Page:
Keeping the spark alive – fundraising when you’re uninspired

Never mind the seven-year itch, apparently the average UK trust fundraiser stays in their post for only 18 months before moving on. I find this really sad (but I have been there myself and I do get it). Fundraising is a long game which needs consistent application over many years.  But how do you keep the spark alive  and what can you do about your fundraising when you’re uninspired?

I only stayed in my first two fundraising jobs for this length of time before moving on. My third however, I did for 8 years. During that time, I built some very close and productive relationships with trusts and foundations and really enjoyed the open and honest dialogue between us. My hit rate was super high towards the end of my tenure too…

One of the top reasons trust fundraisers give for wanting to move on is the need for a greater variety of projects to fundraise for. I totally understand this and can relate entirely. Here are some creative ideas for keeping things fresh when the spark has died:

1. Hang out

To reinvigorate your fundraising when you’re uninspired, I recommend getting out of the office and in front of your supporters.

How many of your trust donors have you actually met? How many do you know well? Could you pop over to their house for a coffee and a chat about the project they supported last year? Have you taken their grandchildren out with a Countryside Ranger to look for Barn Owl droppings (or equivalent)? Do you know the name of their spouse or what their favourite hobbies are?

The examples above represent a very close connection built over time and one where I could confidently answer ‘yes’ to all of the questions posed. Not all relationships with funders will ever make it this far (and nor should they). Regardless of your intimacy levels however, I believe that there’s nothing like a bit of face to face action to move a relationship forwards.

For your local trusts, it’s way easier to foster a face to face relationship, as it is with trusts who have been supporting your charity for many years. A cup of coffee, lunch somewhere nice combined with a visit to your charity or project will break up time spent in the office for you. An honest conversation with a donor may inspire a new slant on your next application and may well fire you up to return to your laptop refreshed and with renewed vigour.

Give it a try: Is there a local charitable trust who has given to your cause whom you have not yet met? Give them a call today and set up a meeting.

2. Change your view

I worked for the National Trust for 8 years, supporting their properties in Devon and Cornwall. As you can imagine, it was a total dream in so many ways, especially visiting properties with donors, which never felt like work.

Despite the rural idyll, there were still reports to be written, letters to be drafted and forms to be filled in. To help my motivation through the boring jobs, I would quite often excuse myself from the office and head down to my favourite café in Boscastle. Outside of tourist season, it was usually quiet so I could set myself up in my favourite window seat, overlooking the harbour. The variable weather meant that the view was always changing. This combined with the fresh air, my deliberate choice to not connect to the wifi and the promise of a teacake once I’d got through my to-do list gave my productivity an undeniable boost.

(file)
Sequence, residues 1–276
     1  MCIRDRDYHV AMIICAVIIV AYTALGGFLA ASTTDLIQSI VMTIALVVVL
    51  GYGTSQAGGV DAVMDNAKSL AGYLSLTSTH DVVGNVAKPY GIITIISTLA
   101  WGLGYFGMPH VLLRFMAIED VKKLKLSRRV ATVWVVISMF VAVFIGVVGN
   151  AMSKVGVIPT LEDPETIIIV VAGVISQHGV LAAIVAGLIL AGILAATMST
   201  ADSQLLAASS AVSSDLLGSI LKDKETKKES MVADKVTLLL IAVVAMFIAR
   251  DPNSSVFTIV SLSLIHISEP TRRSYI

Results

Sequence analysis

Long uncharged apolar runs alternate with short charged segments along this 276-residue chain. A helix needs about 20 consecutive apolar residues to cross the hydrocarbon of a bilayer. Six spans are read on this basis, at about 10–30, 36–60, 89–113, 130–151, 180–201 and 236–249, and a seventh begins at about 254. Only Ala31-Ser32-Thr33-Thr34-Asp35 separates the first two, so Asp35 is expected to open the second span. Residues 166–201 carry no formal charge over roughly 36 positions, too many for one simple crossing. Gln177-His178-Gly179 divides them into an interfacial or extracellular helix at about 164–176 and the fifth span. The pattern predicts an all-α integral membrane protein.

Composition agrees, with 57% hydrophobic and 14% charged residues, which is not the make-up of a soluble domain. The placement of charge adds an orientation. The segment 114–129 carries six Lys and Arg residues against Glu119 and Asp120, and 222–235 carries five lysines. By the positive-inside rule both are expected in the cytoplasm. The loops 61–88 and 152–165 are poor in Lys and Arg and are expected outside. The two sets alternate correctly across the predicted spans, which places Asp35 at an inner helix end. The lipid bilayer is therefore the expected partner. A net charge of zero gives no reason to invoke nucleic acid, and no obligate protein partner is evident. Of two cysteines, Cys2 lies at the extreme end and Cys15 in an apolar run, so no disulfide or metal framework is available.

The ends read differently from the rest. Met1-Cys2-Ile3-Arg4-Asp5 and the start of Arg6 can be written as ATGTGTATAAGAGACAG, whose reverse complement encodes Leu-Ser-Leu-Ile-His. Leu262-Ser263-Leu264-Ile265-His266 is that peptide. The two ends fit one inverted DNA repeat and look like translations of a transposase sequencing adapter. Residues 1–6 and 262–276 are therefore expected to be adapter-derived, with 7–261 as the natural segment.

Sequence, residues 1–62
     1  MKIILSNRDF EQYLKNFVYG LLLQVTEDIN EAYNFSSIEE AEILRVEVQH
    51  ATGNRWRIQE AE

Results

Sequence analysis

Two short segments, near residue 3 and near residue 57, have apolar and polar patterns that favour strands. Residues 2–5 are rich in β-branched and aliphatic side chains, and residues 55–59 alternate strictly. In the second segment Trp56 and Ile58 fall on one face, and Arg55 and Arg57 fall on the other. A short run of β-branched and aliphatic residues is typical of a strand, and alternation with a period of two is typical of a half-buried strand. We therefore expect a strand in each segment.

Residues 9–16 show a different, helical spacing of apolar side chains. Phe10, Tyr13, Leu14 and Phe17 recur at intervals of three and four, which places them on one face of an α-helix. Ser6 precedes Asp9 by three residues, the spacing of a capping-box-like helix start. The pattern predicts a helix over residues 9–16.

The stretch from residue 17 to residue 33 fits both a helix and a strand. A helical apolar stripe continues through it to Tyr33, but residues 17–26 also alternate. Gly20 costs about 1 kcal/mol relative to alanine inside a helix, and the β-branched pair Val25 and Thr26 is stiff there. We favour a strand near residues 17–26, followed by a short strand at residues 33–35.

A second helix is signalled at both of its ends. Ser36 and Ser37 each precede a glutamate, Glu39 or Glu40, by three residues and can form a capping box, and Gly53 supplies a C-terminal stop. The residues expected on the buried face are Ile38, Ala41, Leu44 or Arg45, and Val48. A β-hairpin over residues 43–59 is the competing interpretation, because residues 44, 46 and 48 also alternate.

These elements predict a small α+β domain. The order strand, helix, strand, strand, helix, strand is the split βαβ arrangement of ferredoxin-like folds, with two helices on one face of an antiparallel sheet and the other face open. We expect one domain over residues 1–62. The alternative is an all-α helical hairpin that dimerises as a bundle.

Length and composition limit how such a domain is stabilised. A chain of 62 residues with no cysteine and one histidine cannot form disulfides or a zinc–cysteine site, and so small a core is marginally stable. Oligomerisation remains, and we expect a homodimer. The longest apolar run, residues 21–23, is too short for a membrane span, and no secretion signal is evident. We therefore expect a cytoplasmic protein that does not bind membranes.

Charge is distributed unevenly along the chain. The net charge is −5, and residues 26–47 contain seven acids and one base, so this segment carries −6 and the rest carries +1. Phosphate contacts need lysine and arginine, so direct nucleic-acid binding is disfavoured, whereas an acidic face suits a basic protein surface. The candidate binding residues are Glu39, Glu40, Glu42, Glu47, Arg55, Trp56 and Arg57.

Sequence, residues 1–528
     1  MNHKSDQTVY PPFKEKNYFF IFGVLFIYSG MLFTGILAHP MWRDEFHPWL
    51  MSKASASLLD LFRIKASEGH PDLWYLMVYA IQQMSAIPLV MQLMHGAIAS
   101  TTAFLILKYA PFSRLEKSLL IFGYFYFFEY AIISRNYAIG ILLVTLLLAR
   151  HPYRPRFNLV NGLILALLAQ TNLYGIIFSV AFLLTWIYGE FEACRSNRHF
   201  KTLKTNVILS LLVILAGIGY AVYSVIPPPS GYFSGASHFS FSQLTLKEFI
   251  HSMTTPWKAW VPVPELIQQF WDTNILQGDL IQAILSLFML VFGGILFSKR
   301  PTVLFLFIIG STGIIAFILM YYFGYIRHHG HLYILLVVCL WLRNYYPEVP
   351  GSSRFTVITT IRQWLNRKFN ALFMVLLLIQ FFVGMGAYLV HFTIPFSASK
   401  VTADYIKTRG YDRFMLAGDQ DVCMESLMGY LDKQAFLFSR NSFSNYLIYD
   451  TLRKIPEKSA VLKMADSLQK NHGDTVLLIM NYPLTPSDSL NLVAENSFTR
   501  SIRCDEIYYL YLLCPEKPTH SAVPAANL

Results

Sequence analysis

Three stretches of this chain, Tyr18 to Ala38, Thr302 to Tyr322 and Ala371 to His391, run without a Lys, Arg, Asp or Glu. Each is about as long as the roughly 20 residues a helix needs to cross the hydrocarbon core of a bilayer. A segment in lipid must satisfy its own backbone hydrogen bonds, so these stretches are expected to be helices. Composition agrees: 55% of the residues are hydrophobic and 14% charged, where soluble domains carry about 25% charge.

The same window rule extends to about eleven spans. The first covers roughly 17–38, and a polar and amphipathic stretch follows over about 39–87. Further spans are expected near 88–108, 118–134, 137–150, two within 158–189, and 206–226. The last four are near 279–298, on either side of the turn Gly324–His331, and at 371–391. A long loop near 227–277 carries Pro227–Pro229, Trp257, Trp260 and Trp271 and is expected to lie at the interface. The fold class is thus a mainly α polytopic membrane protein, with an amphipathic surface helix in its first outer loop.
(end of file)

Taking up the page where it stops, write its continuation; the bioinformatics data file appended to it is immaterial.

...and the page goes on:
How lucky was I to work here?

Give it a try: Choose a favourite café, preferably during a quiet time and aim to start and finish one piece of work during your time there (by the way, working from home does not count, no-one is inspired by the sight of their own laundry or the prospect of having to whip up the kids’ tea).

3. Challenge yourself

This tip is a steal from the wonderful Beth Upton, CEO of Money Tree Fundraising. She described a tactic to me, guaranteed to help your fundraising when you’re uninspired, which went something like this:

“When I was head of a trusts team, I would gather my colleagues early on a Friday afternoon and ask them to pick the name of a trust (pre-researched and already identified as a good prospect) out of a hat.

Each team member then had an hour to write the best application they could, from scratch, using no existing resources, just their computer (disconnected from the web) and their imagination.

After we’d finished, we would review each other’s work before sending the proposals out. The competition combined with the lack of distraction would often lead to the creation of some fantastic new copy which we would then recycle for other applications.

This exercise was always a great reminder of how much you can achieve when you focus single-mindedly on one activity.”

Give it a try: Nothing to add – just give it a go. Team up with another fundraiser or two if you’re on your own.

Please share your tips for increasing motivation to improve your fundraising when you’re uninspired.

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